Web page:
On Friday, Lyft passed Uber in the race to IPO and officially filed their S-1 with the SEC. Normally, legal documents like this can be pretty boring, but there was a ton of interesting information in this one, and I finally got a chance to dig in over the weekend. There’s still some marketing and PR fluff in the doc, but it also reveals all of the financials and more that we’ve been wondering about for years.
You can read the official document here or read on for a list of my top six takeaways.
1. Loyal Lyft Drivers are Going to Get Paid!
As part of Lyft’s IPO, some drivers are actually going to get cash bonuses and an option to buy into Lyft’s IPO. But the catch is that you’re going to have to have some pretty high ride counts. Here’s an excerpt that was sent to drivers who qualified (you can see the full e-mail here):
This was a nice surprise since most drivers expected to get nothing. And while I was a little confused by this e-mail at first, if you read the fine print, drivers get 1 of the three bulleted bonuses (highest one) and then they get an additional $5,000 if they’ve ever served on the DAC. Bet you wish you applied when we told you to now, huh? (By the way, Lyft’s currently accepting Driver Advisory Council applications in 40 new cities – you can apply to become a DAC member here.)
Obviously, this plan is rewarding the most loyal and veteran drivers, which is the way it should be. 10,000 rides is probably tough to achieve outside of top markets like SF or LA though, so I’ll be curious to see how many drivers qualify and how it breaks down. My only complaint is that it would have been nice if they did a tiered structure from 10,000 to 20,000 rides with $1,000 for every 1,000 trips, since I can’t imagine there are many drivers with 20,000 trips (we did interview one of them though!).
Our own Jay Cradeur has 14,000 trips with Lyft, so stay tuned for an article on his experience and let us know in the comments below if you think he should take the cash or invest in the IPO?!
2. Lyft Lost Almost $1 Billion in 2018
We often make fun of Uber for losing lots of money, but it’s probably no surprise that Lyft also loses a ton of money. Chuck probably said it best with this tweet:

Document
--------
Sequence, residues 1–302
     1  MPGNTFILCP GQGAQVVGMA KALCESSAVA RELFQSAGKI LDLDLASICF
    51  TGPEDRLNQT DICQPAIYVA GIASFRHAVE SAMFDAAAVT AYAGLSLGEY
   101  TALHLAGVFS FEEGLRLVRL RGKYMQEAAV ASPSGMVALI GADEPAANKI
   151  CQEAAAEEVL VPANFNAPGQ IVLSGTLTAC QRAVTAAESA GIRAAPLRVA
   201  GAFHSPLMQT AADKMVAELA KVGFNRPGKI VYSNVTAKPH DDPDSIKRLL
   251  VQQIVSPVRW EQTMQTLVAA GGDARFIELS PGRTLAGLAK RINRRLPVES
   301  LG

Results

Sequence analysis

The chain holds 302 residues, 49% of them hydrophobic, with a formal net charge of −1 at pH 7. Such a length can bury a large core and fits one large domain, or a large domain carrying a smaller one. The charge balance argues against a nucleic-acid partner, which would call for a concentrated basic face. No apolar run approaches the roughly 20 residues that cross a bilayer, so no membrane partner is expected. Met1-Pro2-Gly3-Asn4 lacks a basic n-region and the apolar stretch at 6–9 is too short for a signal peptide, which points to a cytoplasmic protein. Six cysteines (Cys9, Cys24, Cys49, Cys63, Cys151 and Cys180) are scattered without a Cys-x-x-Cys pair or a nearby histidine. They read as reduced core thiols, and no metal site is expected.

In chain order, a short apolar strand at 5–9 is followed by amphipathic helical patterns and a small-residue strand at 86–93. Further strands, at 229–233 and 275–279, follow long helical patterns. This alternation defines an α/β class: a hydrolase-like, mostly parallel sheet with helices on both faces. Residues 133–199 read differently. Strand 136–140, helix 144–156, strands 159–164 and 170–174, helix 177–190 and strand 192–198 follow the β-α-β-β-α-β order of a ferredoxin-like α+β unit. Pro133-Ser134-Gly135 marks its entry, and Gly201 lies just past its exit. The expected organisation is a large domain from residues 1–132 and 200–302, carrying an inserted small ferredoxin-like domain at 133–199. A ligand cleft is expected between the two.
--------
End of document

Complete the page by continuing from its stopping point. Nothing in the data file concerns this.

How the hell do you loose money when you don’t pay for the cars, gas, maintenance. Just sit and collect 50% of what we worked for. Stop wasting money on other shit and you would be fine, and could pay your drivers
— Chuck Packwood (@chuckpackwood) March 2, 2019
It’s pretty crazy how much money both these companies are losing despite not owning a single vehicle. And I’m still not convinced that either company will ever be able to turn a profit, but I’m also not sure it matters.
3. Uber is 5-6x Bigger than Lyft
We’ve always known Uber is bigger than Lyft, but if you compare the most important metrics, you see just how much bigger Uber is than Lyft (revenue and gross bookings). However, you also see that Uber’s losses don’t look so bad compared to Lyft:
You’d expect Uber to have the same net loss multiple (5-6) as revenue/gross bookings, but they’re much more efficient. I suspect this is because it’s costly to be number two and the only way to really gain market share is through steep discounts.
4. This is the Golden Era of Rideshare
As I always say, this is the Golden Era of rideshare. https://t.co/KwW4UVsKsg
— Harry Campbell (@TheRideshareGuy) March 2, 2019
Uber and Lyft provide millions of jobs for drivers around the world and have revolutionized the way people get around their cities. But it turns out that it’s not so profitable of a business since Lyft is losing $1.40 on every single ride! So I think we all need to take a break and just say thanks to the Venture Capitalists who have been subsidizing the industry for the past 7 years.
5. Lyft Has 1.9 Million Drivers?
Lyft said it served 30.7 million riders in the US and Canada in 2018 and that it had 1.9 million drivers last year. It also handled more than 1 billion rides.
— Dara Kerr (@darakerr) March 1, 2019
We’ve estimated that there are close to 2 million Uber drivers in the US depending on your definition of ‘active’, so I don’t see how Lyft could have a similar number if they’re doing 1/5th of the rides. Their 2019 ‘Impact Report‘ says they have only 1.5 million drivers, which still seems high, but it also says that 91% of drivers drive 20 hours a week or less, which seems fishy too. My guess is that they’re using a very generous definition of ‘active driver’.
(And to make things more confusing, page 125 says they had 1.1 million drivers who provided rides as of the end of fourth quarter in 2018, getting closer…)
6. ‘Driver’ was the most common word in Lyft’s S-1
For all you drivers who missed out on the 10,000 ride threshold, you can take consolation in the fact that Lyft mentioned the word driver 666 times in their S-1. Some other standouts below:
14 Cents from every ride goes to Amazon Web Services (AWS)
Pretty amazing re @lyft. Following a string of tech IPO disclosures this year, people will really start to appreciate that while it’s more efficient than owning the metal, the ☁️ isn’t cheap! https://t.co/UMThn9yqTb
— megan quinn (@msquinn) March 3, 2019
People do not like the term TaaS (Transportation-as-a-Service)
— Ellen Huet (@ellenhuet) March 1, 2019
Lyft files for IPO on the same day Uber was founded
Ok this is pretty funny..
Lyft files their S1 on the anniversary of Uber being founded , expert level troll move 😂 https://t.co/KZkBUCDSXG
— Shai (@shaig) March 1, 2019
Drivers, what do you think about Lyft’s financials and what surprised you most?
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